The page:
Mary and I successfully re-entered the world of the grand randonnees at the inaugural Coulee Challenge 1200, staged Aug. 13-16 in Minnesota and Wisconsin. While other randonneurs knock off 1200K rides (or longer) at a semi-regular pace, this was our first one since 2012.
It wasn’t our first 1200K – it was our fourth, actually, including Paris-Brest-Paris in 2011 – so we knew the drill. The question was whether our approach of mostly daylight riding still held up.
Good news on that front: we had a solid ride, finishing in 82:55, while nabbing three-to-four hours sleep per night and starting each day at or before 4 a.m. There was no rain save for a shower on the final day, which we missed.
The event was a lot of fun, though it was a difficult course at times. There were welcoming pre- and post-ride gatherings too. Congratulations to all the riders who got out there and to those that finished their first 1200K. More about that below.
Here are our top takeaways:
1. Great Organization Makes a Great Event
The Minnesota Randonneurs, led by Rob Welsh, and the Driftless Randonneurs, led by Greg Smith, helped us in ways big and small. Store controls were nicely spaced about every 35 miles and the overnight hotels had our drop bags, room assignments and hot food waiting for us, staffed by cheerful volunteers. The course was easy to follow via cue sheet and via our Garmin GPS.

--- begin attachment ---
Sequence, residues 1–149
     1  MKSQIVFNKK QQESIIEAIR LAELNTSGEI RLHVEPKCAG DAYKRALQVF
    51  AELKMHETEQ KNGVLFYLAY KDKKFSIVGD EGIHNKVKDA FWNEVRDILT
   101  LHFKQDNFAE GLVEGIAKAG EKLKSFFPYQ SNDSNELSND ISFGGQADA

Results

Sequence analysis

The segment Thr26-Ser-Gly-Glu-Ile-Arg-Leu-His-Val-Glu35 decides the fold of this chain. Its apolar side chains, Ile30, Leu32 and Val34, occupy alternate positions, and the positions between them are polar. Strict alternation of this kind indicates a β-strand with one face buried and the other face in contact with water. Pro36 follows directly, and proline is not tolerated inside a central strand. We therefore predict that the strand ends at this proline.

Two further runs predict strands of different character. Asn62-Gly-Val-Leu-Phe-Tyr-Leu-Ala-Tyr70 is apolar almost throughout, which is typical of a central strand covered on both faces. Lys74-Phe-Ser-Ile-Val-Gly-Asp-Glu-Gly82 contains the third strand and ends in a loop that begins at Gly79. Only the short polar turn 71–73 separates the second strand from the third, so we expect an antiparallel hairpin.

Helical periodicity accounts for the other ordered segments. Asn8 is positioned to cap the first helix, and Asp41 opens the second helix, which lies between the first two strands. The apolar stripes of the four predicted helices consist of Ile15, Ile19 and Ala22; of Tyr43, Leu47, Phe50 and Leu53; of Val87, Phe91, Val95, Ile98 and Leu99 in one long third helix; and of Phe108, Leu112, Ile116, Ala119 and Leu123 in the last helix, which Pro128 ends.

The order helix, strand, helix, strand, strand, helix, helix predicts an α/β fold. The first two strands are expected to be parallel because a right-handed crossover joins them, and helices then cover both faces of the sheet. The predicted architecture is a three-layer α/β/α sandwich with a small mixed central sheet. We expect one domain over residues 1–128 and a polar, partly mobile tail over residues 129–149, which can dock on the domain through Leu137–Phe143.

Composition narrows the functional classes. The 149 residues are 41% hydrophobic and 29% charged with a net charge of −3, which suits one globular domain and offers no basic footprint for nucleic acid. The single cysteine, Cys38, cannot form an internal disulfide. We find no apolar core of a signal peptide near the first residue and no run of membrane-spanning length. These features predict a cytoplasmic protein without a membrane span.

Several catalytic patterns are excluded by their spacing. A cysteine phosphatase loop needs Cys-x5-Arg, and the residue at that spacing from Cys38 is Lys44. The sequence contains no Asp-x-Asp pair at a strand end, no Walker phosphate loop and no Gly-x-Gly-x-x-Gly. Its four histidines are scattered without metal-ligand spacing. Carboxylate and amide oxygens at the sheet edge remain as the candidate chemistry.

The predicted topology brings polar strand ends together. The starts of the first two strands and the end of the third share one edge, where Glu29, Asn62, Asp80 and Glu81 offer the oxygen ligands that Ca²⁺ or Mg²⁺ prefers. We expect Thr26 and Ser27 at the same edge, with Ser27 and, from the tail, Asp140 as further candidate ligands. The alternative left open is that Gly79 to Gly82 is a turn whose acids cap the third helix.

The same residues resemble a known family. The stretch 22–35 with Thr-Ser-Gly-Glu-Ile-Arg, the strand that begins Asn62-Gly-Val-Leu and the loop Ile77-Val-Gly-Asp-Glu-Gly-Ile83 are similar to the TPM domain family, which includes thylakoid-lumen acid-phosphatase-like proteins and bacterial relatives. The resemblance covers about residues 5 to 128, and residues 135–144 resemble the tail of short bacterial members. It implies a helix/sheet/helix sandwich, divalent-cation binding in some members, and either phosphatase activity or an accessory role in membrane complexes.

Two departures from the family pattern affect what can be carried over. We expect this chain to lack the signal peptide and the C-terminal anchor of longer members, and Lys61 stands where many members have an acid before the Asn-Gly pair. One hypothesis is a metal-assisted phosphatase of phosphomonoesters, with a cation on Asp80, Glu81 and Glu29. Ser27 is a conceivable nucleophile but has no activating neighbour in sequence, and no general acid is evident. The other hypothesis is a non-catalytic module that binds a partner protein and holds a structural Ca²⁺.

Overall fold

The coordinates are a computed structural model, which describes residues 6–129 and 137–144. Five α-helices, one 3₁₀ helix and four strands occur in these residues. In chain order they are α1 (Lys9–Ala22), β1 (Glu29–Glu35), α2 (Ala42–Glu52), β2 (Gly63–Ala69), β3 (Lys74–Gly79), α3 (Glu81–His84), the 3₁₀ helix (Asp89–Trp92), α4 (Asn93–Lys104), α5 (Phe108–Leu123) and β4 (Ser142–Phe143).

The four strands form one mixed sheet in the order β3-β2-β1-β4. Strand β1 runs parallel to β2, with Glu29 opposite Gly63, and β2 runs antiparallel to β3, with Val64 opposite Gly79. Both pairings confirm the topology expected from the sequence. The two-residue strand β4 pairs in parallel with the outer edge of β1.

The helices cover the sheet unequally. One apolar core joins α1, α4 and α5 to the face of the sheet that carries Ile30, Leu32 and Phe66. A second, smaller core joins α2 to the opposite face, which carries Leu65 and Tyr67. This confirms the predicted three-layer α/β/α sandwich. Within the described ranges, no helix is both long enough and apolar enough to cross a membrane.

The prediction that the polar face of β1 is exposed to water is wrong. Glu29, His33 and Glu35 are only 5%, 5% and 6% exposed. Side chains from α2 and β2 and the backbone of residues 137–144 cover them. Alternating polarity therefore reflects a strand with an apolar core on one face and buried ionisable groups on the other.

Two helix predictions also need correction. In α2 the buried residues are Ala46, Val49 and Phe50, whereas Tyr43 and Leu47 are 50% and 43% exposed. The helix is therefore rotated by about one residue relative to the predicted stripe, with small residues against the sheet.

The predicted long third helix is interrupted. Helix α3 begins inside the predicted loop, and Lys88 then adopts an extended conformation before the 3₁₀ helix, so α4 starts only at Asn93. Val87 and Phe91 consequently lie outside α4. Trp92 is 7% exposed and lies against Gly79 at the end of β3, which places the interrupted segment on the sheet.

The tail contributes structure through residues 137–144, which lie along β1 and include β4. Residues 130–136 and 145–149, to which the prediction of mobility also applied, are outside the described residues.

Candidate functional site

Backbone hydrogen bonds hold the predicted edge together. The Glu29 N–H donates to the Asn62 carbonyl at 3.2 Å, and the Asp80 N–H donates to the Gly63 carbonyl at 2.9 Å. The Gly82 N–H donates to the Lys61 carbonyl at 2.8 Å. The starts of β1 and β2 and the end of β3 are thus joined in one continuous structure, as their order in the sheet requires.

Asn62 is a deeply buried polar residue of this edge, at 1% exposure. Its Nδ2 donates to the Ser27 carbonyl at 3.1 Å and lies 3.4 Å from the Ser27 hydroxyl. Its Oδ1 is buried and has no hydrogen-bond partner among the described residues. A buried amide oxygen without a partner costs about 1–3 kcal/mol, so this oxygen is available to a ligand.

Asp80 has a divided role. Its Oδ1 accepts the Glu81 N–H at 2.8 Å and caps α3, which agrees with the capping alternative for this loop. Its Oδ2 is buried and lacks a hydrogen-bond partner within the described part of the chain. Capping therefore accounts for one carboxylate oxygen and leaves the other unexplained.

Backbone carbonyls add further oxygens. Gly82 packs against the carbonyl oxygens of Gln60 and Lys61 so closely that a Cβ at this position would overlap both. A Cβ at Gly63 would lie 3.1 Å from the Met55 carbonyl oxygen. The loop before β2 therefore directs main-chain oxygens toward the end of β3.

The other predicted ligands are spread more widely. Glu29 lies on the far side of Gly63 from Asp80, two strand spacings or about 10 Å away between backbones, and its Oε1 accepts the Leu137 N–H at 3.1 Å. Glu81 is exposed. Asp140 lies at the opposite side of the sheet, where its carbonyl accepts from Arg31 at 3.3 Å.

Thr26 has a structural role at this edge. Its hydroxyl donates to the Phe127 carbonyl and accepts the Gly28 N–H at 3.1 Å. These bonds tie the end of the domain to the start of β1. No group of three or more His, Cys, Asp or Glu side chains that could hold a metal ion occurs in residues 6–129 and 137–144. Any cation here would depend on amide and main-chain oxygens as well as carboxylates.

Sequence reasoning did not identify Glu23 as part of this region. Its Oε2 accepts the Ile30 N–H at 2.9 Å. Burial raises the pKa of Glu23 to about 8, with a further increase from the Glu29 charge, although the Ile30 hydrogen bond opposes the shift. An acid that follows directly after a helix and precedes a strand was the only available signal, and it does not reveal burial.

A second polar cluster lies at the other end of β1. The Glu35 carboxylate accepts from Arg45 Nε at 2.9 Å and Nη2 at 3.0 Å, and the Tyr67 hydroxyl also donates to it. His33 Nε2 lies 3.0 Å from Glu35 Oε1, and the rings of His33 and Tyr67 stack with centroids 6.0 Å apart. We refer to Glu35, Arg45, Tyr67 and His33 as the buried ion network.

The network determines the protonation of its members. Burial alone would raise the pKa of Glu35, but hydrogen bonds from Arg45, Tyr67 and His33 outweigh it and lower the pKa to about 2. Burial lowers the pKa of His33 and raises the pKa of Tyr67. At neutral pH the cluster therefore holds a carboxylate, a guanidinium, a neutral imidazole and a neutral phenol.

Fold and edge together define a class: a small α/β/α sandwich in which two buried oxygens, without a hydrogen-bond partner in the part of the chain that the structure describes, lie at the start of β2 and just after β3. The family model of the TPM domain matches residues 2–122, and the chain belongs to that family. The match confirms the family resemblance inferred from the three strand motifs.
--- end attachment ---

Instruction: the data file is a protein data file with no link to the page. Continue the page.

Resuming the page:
In sum, we just had to ride. Greg and his helpers did a nice job of following the riders around and signed cards at a couple of controls. He even texted me about a spare rear wheel when we thought ours had a bearing problem, though it turned out to be OK. Thanks Greg! Rob Welsh came out the first day as well to see us, and Dan Diehn caught up to us on Day 3 in La Crosse.
2. Upbeat Riders Keep Spirits High
We were impressed by our fellow riders. A total 89 starters included veteran randonneurs; the Texas/Dan & Pam riders and the Colorado folks in particular rode together and kept up the banter. A well-prepared group of more recent randonneurs were out, some from the endurance/adventure scene, who took to the rules and rigors of the event with good cheer. In all, 76 completed the event, with 29 first-timers; 11 women finished, with seven first-timers.
We got timely advice from Ian Shopland of Seattle about our noisy rear hub (don’t worry, keep riding!) and lots of photo love from Deb Ford. Everybody shared extra ice and extra water at the controls, and a kind word.
This ride also included some of our far-flung randonneur pals from rides past, including Ian, Rick Rodeghier of North Carolina, John Lee Ellis and Tim Foon Feldman of Colorado, Jeff Newberry of Texas, Bill Russell of Massachusetts, Art Fuoco of Florida, and volunteer Mark Olsen. Great to see you all!
3. Driftless Means Hilly